The Town Car received a major update in 1998 when it was given a smoother, more aerodynamic but rather less distinctive body, losing the characteristic wide C-pillar and opera window. A factory-built long wheelbase version was offered with a 6” (150mm) stretch in the wheelbase to 123½” (3,137mm). The extra length was initially incorporated into a wide B-pillar and, subsequently, into a longer rear door window. Ford did likewise with the Crown Victoria from 2002, but this version was offered only to fleet and private hire customers.
The Crown Victoria, Grand Marquis and Town Car continued with only minor updates to sell in respectable numbers well into the new millennium, but private sales were diminishing rapidly. By 2006, 95% of production of the Crown Victoria was for taxi or police use. By 2012, it was all over: all three models had been discontinued and the classic body-on frame US sedan was no more.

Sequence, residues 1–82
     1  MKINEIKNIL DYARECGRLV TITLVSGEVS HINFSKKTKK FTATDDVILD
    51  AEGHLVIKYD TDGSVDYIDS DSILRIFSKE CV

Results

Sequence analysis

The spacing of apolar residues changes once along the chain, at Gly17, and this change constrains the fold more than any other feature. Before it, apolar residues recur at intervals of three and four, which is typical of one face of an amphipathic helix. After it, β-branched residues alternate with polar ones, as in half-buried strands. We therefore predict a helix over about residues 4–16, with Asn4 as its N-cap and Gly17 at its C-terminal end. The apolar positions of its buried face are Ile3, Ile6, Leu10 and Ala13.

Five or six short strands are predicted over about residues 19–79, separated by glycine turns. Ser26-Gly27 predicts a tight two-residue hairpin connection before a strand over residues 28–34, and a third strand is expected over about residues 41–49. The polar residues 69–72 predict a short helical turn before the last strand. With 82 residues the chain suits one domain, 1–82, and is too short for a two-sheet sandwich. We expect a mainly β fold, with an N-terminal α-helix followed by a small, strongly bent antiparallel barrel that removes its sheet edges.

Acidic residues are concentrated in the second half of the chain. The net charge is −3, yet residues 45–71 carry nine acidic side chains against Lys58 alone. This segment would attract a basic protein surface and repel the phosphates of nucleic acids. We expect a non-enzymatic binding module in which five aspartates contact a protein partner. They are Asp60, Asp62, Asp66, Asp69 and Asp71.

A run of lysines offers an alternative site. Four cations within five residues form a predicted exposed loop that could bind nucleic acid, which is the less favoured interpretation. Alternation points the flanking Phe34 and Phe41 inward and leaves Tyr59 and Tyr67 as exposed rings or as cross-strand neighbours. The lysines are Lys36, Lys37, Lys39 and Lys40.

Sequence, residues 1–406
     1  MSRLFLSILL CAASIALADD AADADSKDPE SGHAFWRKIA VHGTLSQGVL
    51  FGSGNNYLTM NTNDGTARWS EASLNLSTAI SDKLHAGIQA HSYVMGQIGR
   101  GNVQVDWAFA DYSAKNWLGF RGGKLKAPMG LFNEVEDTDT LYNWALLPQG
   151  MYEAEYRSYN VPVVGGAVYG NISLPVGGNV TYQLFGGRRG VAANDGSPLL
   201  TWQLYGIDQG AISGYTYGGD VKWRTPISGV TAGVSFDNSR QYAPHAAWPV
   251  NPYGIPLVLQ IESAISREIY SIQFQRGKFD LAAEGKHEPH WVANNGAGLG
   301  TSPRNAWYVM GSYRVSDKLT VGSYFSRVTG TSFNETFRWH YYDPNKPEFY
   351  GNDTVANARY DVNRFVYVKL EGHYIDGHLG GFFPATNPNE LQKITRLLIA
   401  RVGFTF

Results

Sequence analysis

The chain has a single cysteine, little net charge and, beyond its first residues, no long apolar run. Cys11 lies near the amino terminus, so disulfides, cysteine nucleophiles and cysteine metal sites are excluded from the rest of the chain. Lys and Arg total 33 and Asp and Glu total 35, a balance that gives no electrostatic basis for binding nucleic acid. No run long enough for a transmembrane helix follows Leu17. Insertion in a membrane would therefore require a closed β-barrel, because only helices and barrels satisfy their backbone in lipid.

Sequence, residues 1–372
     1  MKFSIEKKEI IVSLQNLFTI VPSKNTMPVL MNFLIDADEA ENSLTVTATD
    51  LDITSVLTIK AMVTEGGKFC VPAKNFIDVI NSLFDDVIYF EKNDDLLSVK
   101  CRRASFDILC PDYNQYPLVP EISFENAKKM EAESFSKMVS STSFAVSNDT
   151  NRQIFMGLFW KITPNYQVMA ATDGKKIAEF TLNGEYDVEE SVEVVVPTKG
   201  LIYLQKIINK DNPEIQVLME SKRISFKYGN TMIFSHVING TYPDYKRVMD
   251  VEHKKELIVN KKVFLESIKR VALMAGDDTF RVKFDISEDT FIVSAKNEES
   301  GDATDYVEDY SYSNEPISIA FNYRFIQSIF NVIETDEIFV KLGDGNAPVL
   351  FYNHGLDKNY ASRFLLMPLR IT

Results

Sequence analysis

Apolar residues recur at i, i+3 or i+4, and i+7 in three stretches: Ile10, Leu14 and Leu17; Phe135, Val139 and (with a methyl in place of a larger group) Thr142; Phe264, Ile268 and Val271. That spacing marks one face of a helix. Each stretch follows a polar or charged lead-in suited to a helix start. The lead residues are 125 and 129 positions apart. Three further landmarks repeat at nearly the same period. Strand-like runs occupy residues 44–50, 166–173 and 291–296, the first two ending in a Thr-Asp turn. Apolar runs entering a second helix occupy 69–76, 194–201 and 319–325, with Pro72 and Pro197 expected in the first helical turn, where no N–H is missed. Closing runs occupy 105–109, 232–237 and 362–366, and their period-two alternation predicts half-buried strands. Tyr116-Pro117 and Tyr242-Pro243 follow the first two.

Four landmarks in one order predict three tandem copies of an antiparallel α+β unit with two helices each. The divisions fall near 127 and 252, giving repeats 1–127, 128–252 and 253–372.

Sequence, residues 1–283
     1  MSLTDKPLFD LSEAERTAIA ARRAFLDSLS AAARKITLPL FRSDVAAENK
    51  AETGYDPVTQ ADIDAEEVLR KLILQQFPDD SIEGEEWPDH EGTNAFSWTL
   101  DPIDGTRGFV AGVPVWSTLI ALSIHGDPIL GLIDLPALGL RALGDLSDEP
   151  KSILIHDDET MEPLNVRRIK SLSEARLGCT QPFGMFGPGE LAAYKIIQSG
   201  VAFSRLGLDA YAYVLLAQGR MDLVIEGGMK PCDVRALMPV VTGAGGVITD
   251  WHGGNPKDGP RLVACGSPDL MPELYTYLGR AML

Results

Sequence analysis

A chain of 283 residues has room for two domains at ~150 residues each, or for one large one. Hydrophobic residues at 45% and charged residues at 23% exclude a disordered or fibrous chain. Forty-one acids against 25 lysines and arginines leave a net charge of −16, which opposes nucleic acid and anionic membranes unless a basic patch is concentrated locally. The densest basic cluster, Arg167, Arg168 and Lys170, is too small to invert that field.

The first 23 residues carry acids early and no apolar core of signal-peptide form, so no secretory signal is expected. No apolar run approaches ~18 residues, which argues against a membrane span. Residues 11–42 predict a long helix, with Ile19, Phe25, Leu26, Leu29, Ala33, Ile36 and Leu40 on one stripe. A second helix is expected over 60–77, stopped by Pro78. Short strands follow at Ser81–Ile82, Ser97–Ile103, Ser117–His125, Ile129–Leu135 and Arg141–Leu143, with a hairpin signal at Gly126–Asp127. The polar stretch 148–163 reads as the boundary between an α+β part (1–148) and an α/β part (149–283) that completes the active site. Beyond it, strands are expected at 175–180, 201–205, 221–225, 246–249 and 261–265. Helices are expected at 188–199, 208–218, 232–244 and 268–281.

In 2021, New York taxis are virtually all Toyota or Nissan hybrid crossovers or minivans, which are spacious, practical and economical, but devoid of much character. Following the demise of the Crown Victoria, Ford offered Police Interceptor versions of its front-wheel-drive unibody Taurus sedan until 2019 and the Explorer SUV, which continues in production to the present day.
It is, perhaps, rather tempting to poke fun at the perceived primitiveness or lack of sophistication in these traditional body-on-frame vehicles, but that is to miss the point entirely as to their fitness for purpose and to ignore their phenomenal sales success: in the two decades until production ended, total sales of the three models was around 4.5 million units, making them a tremendous earner for Ford and helping the company survive some pretty challenging times. DTW remembers an American stalwart with fondness.
(1) The Windsor engine was still fitted to the 1990 Lincoln Town car in its first year of production.
(2) Their patriotism might have been somewhat misplaced, however: in 2007 production of the Town Car was moved to Ford Canada’s plant in Southwold, Ontario, where the Crown Victoria and Grand Marquis were manufactured.